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What is roof flashing? Simply put, roof flashing is any piece of sheet metal that forms a joint between the roof and objects that protrude from the roof, such as dormers, chimneys, and pipes, in such a manner that they prevent water from leaking through the joint. Virtually every house in America has at least one vent pipe or other penetration on the roof. Most likely, your old house has a chimney, perhaps several.

Depending on the complexity of your roof, you may also have valleys, dormers, and any number of features that require flashing to properly shed rainwater. Neglected or overlooked flashing components are often the most vulnerable and leak-prone areas on a roof. The good news is that most roofs can be taken apart in areas around metal flashings and the metalwork can be replaced or reworked to prevent these leaks.

roof flashing services Port Orchard

Basic Types of Roof Flashing

  • Vent Boot: Also a vent pipe cover, is traditionally a lead or metal sleeve that fits over the top of a vent pipe penetration on a roof to help seal the section of roof around the pipe from water penetration.
  • Valley Flashing: Metal or sometimes peel-and-stick material that protects an important area on the roof where two slopes come together to form a valley. Properly sized and installed valley flashing is key to channeling water safely off the roof.
  • Ridge Cap: The piece of roofing that covers the peak or ridge of a roof. These are often a type of specialized shingle, tile, or fabricated metal specifically designed to aid in shedding water and debris. Because this is located at the very peak of the roof, only a small amount of water will hit the ridge through rainfall, unlike areas lower on the roof which will carry much higher volumes of runoff.
  • Step Flashing: Small metal rectangles that are installed shingle fashion at the intersection between a roof and wall to prevent water intrusion into both the roof and wall and channel water back out onto the roof and safely off the house.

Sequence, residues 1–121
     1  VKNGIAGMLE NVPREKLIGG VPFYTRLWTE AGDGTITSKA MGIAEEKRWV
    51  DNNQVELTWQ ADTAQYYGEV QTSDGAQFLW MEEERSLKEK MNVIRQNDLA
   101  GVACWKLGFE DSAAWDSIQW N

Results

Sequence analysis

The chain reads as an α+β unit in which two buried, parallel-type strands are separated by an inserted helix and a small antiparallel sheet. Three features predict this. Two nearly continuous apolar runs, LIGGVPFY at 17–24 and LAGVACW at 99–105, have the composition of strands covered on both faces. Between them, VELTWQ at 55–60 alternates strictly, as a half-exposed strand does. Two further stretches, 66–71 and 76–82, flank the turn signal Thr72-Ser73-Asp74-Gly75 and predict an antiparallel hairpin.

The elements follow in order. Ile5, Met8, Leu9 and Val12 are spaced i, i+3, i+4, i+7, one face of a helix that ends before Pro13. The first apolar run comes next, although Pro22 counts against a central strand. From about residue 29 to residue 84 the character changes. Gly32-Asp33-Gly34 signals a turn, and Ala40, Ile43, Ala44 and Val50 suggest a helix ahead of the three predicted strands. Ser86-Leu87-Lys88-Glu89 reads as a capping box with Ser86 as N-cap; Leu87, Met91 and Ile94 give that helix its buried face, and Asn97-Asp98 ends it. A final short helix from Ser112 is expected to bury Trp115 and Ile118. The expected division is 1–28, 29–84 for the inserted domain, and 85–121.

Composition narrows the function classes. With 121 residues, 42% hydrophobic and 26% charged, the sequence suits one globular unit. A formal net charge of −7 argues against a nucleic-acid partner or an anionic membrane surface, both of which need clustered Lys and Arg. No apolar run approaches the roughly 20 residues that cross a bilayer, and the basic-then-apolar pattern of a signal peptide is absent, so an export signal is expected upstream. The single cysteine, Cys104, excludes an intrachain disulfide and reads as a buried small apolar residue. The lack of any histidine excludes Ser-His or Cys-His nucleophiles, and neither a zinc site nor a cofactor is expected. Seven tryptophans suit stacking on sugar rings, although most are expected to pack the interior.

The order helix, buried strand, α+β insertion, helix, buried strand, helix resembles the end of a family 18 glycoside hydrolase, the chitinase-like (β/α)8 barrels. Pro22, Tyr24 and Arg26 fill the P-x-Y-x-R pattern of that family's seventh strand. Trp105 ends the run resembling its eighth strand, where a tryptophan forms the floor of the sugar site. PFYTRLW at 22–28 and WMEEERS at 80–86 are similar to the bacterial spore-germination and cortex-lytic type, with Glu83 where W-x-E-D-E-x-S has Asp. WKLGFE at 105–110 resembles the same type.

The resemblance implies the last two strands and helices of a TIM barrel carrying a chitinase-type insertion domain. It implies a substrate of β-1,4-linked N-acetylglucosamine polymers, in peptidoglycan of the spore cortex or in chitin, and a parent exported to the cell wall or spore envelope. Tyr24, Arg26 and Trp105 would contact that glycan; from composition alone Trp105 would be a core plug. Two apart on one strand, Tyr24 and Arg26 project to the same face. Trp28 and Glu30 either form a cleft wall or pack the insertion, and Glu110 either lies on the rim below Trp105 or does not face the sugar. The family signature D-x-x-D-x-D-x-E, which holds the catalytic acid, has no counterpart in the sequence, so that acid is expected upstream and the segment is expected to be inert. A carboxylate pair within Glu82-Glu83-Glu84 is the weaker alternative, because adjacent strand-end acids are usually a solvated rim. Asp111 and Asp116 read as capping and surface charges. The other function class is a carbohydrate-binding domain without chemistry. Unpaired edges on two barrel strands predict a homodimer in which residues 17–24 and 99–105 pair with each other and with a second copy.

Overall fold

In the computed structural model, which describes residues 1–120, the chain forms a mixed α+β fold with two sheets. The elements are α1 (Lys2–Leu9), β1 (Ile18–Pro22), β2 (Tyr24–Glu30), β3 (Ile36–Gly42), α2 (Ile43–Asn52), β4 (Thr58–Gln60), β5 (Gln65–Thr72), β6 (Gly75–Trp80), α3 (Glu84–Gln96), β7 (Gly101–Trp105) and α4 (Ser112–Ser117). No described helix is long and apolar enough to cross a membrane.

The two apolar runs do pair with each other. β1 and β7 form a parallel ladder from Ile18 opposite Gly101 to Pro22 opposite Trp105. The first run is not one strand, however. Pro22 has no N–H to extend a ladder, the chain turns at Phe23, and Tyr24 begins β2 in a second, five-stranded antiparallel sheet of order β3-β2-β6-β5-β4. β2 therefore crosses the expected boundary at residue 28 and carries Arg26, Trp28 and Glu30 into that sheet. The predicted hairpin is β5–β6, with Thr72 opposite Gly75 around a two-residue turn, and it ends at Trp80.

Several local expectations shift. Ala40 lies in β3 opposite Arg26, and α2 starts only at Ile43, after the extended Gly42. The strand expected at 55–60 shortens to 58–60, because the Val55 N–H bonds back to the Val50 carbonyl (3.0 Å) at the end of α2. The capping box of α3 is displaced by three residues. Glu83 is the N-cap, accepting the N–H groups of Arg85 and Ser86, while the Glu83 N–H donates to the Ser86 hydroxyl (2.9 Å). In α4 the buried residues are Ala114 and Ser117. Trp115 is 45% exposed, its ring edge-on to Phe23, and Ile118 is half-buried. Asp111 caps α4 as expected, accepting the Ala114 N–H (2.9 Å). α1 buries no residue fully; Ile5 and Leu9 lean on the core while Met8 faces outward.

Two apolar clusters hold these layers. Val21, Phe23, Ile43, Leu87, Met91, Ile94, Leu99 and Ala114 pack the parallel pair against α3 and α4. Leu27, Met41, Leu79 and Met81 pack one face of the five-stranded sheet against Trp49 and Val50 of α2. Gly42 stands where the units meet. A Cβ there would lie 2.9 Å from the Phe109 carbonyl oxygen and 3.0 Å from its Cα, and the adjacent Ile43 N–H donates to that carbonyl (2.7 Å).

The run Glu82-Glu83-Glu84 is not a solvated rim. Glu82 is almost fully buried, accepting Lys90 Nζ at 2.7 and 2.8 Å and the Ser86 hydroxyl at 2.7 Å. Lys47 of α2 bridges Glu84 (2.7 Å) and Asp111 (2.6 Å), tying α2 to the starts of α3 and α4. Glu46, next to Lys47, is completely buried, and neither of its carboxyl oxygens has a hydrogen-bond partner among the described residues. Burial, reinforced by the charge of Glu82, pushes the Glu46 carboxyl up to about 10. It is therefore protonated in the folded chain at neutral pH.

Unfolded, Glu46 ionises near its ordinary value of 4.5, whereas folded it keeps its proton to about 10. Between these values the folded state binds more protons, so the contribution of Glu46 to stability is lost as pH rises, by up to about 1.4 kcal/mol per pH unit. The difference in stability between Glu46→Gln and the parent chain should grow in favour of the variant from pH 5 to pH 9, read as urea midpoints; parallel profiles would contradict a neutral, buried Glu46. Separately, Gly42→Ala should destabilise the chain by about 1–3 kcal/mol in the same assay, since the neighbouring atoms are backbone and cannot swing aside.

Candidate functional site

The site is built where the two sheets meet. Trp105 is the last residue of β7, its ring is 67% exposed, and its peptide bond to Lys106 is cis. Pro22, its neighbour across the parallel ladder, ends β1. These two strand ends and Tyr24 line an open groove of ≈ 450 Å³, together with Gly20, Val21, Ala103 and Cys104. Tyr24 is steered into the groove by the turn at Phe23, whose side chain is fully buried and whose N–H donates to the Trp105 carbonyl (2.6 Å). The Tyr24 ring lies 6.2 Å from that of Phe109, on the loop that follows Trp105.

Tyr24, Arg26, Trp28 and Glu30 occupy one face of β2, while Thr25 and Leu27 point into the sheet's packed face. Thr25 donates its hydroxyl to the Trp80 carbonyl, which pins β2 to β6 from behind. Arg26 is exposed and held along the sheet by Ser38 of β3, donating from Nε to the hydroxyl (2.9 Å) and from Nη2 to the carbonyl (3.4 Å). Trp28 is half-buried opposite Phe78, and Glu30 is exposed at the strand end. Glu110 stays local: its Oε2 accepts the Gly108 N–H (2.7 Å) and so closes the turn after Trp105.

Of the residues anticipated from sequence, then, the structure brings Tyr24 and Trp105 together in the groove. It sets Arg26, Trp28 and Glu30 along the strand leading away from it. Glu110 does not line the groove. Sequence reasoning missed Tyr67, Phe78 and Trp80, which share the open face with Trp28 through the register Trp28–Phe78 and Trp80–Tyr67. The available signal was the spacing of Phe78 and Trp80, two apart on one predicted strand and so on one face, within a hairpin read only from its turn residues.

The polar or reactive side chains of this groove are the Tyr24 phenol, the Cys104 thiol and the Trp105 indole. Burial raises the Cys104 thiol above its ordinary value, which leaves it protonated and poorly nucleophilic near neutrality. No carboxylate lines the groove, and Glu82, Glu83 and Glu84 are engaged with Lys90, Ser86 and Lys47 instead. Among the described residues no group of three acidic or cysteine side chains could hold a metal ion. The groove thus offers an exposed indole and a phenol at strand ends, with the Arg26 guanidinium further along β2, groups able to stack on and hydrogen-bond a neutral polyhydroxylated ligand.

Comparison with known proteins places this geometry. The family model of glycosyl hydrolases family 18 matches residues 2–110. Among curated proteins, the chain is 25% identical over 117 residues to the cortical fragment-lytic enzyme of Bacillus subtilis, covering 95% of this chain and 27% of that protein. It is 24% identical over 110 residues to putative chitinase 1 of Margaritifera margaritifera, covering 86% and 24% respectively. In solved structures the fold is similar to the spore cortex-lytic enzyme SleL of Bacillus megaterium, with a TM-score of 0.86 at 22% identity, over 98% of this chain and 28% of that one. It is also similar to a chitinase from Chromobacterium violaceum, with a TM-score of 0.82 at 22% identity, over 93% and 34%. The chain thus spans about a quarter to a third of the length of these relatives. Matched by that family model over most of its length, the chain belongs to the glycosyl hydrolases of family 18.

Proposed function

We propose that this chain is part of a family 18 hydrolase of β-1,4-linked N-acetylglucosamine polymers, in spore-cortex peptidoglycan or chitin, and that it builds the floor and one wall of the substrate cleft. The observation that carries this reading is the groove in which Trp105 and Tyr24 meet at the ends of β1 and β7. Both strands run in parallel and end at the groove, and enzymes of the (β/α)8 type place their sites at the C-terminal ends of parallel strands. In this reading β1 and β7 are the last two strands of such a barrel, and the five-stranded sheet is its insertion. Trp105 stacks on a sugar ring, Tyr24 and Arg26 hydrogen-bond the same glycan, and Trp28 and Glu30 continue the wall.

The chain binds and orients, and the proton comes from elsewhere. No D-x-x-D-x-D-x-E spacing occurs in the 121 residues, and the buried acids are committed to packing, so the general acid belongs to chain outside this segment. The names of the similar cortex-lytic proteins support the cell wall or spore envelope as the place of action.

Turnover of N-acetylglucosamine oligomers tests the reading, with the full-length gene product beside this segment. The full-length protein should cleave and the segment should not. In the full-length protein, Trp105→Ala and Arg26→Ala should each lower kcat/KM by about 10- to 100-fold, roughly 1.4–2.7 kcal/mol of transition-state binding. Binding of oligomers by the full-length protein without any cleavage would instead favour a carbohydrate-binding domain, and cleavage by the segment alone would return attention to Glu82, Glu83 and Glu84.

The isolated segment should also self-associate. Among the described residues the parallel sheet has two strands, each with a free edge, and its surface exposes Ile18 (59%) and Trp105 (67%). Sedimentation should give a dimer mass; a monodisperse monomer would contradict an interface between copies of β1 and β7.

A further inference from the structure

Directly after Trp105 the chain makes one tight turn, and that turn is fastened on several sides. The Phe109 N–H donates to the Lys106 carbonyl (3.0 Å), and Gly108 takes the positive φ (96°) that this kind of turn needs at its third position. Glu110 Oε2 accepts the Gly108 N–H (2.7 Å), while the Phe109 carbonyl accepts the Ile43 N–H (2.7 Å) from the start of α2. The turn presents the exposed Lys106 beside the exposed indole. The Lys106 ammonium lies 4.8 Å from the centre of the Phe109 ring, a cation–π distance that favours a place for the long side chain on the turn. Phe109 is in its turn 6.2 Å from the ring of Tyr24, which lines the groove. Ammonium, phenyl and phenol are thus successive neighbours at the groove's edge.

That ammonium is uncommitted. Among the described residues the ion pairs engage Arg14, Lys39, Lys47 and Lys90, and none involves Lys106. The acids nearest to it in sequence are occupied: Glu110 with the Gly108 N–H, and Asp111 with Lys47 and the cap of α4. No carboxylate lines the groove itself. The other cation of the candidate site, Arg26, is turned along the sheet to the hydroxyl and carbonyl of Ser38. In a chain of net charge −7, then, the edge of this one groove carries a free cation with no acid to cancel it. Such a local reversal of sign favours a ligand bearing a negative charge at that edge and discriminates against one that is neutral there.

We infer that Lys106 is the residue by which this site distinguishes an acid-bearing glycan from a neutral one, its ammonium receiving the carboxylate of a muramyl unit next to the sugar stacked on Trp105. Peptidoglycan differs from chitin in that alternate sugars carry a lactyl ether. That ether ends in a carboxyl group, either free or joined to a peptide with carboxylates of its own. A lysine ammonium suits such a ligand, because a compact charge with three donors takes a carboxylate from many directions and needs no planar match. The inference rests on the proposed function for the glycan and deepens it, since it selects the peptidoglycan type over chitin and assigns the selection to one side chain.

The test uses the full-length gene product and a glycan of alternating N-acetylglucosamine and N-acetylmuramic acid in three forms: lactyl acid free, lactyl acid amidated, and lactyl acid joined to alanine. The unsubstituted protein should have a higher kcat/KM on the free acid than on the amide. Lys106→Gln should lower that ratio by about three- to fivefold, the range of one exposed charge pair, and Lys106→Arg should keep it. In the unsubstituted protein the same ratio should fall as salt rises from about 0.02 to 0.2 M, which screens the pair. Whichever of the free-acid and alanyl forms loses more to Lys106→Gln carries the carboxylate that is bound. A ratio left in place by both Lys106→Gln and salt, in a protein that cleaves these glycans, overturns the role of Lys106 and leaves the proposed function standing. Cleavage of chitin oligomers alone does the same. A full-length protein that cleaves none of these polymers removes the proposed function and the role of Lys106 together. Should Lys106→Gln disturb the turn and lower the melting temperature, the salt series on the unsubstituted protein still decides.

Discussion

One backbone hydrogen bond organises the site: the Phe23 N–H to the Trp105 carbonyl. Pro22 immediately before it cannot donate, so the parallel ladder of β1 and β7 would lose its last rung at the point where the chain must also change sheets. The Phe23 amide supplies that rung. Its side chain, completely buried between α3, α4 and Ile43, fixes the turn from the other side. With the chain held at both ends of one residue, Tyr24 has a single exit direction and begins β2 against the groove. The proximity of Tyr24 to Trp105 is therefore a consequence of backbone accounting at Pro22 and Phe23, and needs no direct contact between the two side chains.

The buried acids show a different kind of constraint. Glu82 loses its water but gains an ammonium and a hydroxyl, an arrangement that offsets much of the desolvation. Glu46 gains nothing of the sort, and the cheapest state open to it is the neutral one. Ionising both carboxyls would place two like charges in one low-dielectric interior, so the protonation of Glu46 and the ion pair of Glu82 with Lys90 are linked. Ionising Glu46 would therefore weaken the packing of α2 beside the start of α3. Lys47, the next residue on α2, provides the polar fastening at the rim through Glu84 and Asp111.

• Cricket: A framed-out, triangular structure that is built on top of an existing flat or pitched roof. Its design directs water away from these trouble spots to avoid leaks. Because of their sharp change of angles areas like chimneys and dormers or other large penetrations into a roof work best with a cricket.

Roof Flashing Materials

In the past, roofing professionals would use lead, or lead-coated materials, as flashing. Roofing professionals in North America now prefer other materials:

  • Aluminum: Aluminum flashing is easy for roofing professionals to form and is lightweight. However, aluminum must be coated if it is to be used with concrete and masonry, as plain aluminum reacts and degrades when it touches alkaline surfaces. In coastal areas, the aluminum flashing should be coated even if it does not contact concrete or masonry, to prevent corrosion.
  • Copper: Copper roof flashing is also malleable and takes soldering well. It’s also highly durable and has a long life. On the other hand, it does discolor into a patina, which some homeowners dislike, but others favor. You will still routinely find copper flashing around chimneys.
  • Steel: Steel is usually the material of choice for flashing. It’s malleable, has aesthetic value and, when galvanized, is corrosion-resistant.
  • Modified bitumen roofing tape: Modified bitumen is a watertight, tough material. When made into tape, it can be used to aid roof flashing. The specific tape you use will have to be approved by your building code and of a certain width.

When to Repair a Roof Flashing Leak

You might also wonder what damaged flashing looks like and when it should be replaced. Check over your flashing and look for:

  • Damage, holes, or bending.
  • Corrosion or rusting.
  • Loose or missing nails.
  • Dried out or missing sealant.
  • Flashing that has come loose.

If you find any of these problems, you may need to replace the flashing.


Though roof flashing isn’t the most dramatic element of a roof, it is one of the most important. If you find some flashing on your residential roof that you’re concerned about, we suggest you contact a professional roofer like Port Orchard Roofing. A professional can help you solve all of your roof flashing problems or answer the questions you have about your specific roof.

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